MARPOL Annex VI (Second Resolution);

 Resolution MEPC.248 (66), containing the text of amendments to

MARPOL Annex I (Third Resolution); and

 Resolution MEPC.251 (66), containing the text of amendment to

MARPOL Annex VI and the Nitrogen Oxides (NOx) Technical Code 2008 (Fourth Resolution).4

Overview and national interest summary

First and Second Resolutions 3.6 The First and Second Resolutions revise international regulations for the prevention of pollution from ships making it mandatory for Parties to MARPOL to be subject to, and facilitate, periodic audits by the IMO to

ensure compliance with MARPOL obligations.5

3.7 The NIA states that the amendments will increase compliance with MARPOL and reduce risks of marine pollution from vessels in Australian waters and beyond.6

Third Resolution 3.8 The Third Resolution requires all oil tankers to be fitted with stability instruments capable of verifying vessel stability under intact and damage conditions, from January 2016. Oil tankers constructed before 1 January

2016 must comply with this requirement at the first scheduled renewal survey of the ship after 1 January 2016, but not later than 1 January 2021. The amendments also waive the requirement for some oil tankers to be fitted with a stability instrument under certain circumstances.7

3 NIA, para 3. 4 NIA, para 4. 5 NIA, para 8. 6 NIA, para 9. 7 NIA, para 10.

INTERNATIONAL CONVENTION FOR THE PREVENTION OF POLLUTION FROM SHIPS, 1973 15

3.9 According to the NIA, mandatory stability instruments for oil tankers will increase vessel and personnel safety, and reduce risks to the environment in Australian and other waters.8

Fourth Resolution 3.10 The Fourth Resolution clarifies interpretations and application of regulations, including emissions calculations related to the application of the Energy Efficiency Design Index (EEDI), and provides for the necessary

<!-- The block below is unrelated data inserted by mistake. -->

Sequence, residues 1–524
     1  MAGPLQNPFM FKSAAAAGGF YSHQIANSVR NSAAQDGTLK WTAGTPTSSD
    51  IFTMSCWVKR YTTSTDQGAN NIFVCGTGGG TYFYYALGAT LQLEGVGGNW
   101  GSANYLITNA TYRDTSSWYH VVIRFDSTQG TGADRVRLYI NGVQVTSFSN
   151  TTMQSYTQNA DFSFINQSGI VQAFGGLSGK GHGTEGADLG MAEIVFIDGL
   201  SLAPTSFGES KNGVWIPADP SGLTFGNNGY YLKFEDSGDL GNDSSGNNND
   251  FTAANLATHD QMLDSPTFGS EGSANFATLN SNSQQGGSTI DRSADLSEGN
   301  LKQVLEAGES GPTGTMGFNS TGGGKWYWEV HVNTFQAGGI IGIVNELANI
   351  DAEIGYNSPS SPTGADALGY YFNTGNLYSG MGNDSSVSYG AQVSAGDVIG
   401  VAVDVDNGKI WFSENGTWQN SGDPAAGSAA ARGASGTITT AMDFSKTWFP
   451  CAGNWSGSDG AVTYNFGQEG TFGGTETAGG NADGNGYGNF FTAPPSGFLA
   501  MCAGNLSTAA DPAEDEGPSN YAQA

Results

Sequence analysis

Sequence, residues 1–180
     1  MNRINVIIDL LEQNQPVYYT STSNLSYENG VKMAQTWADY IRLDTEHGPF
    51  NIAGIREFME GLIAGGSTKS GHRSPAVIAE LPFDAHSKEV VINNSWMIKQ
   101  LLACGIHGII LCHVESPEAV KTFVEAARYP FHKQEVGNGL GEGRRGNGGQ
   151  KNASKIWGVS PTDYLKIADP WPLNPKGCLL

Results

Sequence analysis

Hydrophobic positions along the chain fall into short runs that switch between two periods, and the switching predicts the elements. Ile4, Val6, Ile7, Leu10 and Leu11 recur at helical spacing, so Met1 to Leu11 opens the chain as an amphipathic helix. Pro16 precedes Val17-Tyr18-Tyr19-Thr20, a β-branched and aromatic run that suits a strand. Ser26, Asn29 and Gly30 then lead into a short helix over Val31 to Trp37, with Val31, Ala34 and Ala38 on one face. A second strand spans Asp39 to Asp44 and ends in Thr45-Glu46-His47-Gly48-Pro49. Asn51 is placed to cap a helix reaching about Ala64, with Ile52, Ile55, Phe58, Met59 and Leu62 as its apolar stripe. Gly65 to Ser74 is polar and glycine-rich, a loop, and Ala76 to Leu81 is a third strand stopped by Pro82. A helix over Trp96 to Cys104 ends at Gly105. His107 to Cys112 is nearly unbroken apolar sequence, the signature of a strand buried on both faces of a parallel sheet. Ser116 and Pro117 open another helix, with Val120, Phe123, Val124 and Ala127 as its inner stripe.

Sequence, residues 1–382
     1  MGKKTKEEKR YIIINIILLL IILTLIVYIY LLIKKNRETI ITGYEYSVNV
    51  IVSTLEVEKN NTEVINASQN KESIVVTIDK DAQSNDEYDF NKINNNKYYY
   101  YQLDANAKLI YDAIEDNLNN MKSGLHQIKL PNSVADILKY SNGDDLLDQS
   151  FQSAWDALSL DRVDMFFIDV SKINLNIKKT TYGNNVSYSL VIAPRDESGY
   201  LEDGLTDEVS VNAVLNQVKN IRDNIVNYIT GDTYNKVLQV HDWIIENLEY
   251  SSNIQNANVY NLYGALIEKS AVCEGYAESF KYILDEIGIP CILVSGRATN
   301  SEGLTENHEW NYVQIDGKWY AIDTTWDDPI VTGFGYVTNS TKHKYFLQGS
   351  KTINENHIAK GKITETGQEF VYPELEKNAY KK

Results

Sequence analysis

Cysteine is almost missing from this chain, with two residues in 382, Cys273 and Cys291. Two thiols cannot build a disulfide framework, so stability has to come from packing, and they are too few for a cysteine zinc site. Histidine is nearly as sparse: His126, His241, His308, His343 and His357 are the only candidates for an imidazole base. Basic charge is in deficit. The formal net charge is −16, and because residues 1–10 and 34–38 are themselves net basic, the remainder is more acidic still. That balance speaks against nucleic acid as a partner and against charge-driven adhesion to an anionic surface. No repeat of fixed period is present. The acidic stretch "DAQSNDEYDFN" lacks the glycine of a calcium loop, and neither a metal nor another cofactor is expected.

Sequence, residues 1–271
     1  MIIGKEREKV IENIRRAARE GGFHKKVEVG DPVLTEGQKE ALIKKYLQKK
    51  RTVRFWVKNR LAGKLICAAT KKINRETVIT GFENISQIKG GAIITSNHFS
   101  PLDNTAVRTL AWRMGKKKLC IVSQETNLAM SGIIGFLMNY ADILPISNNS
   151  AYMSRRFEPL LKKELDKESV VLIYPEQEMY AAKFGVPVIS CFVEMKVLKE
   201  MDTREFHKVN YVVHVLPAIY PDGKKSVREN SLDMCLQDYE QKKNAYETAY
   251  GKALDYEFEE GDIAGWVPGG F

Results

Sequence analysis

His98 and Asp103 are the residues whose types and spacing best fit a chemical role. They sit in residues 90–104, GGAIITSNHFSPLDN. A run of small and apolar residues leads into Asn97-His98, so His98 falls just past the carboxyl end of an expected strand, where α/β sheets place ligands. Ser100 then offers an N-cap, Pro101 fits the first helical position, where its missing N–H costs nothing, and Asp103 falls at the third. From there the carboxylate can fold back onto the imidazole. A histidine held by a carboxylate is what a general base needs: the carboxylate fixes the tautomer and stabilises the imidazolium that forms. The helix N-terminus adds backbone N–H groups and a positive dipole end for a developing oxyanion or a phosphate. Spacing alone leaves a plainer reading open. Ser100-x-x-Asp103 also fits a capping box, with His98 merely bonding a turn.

requirements, such as fuel gas composition, fuel and engine parameters and calculation factors, in order to calculate the NOx emission of dual fuel engines and to certify such engines.9

3.11 The NIA states that the amendments will allow the shipping sector to play its part in meeting agreed global goals and the Australian Government’s international commitments to address climate change and reduce greenhouse gas emissions.10

Reasons for Australia to take the proposed treaty action

First and Second Resolutions 3.12 The NIA explains that the mandatory audit scheme is a key tool for assessing Member States’ performance in meeting their obligations and responsibilities as a flag, port and coastal State under the relevant IMO

treaties.11 The NIA indicates that when the IMO Instruments Implementation Code (III Code)12 was originally introduced, it was agreed by the IMO that the audit scheme would eventually be mandatory.13

3.13 Further, the NIA points out that the intention of making the III Code mandatory is not only to ensure Member States are adhering to the requirements, but also to identify capacity building needs and offer technical assistance to Member States as required.14

8 NIA, para 11. 9 NIA, para 12. 10 NIA, para 14. 11 NIA, para 15. 12 The III Code assists Parties to implement the IMO instruments by providing a global standard

to enable States to meet their obligations as flag, port and/or coastal States. (International Maritime Organization, ‘IMO Assembly adopts mandatory audit scheme’, accessed 14 April 2015.) 13 NIA, para 16. 14 NIA, para 17.

16 REPORT 148

Third Resolution 3.14 The NIA states that the stability instrument will provide oil tankers with the ability to respond in real time to changing circumstances, such as a damaged cargo hold, and reduce the risk of a maritime incident such as

capsizing.15

3.15 The Committee sought assurance that adequate training would be provided to crews to ensure that the new equipment would be used effectively. The Australian Maritime Safety Authority (AMSA) said that training requirements are covered in separate IMO conventions.16 These conventions include:

 International Convention on Standards of Training, Certification and

Watchkeeping for Seafarers (STCW Convention) and STCW Code; and

 International Safety Management Code (ISM Code) for ships regulated

by the International Convention for the Safety of Life at Sea (SOLAS).17

3.16

AMSA explained that STCW Convention requirements are included in the Maritime Training Package, the standard for vocational education and training in Australia. AMSA ensures that the industry is aware of all IMO requirements and compliance with training requirements will be assessed as part of the IMO periodic audit process.18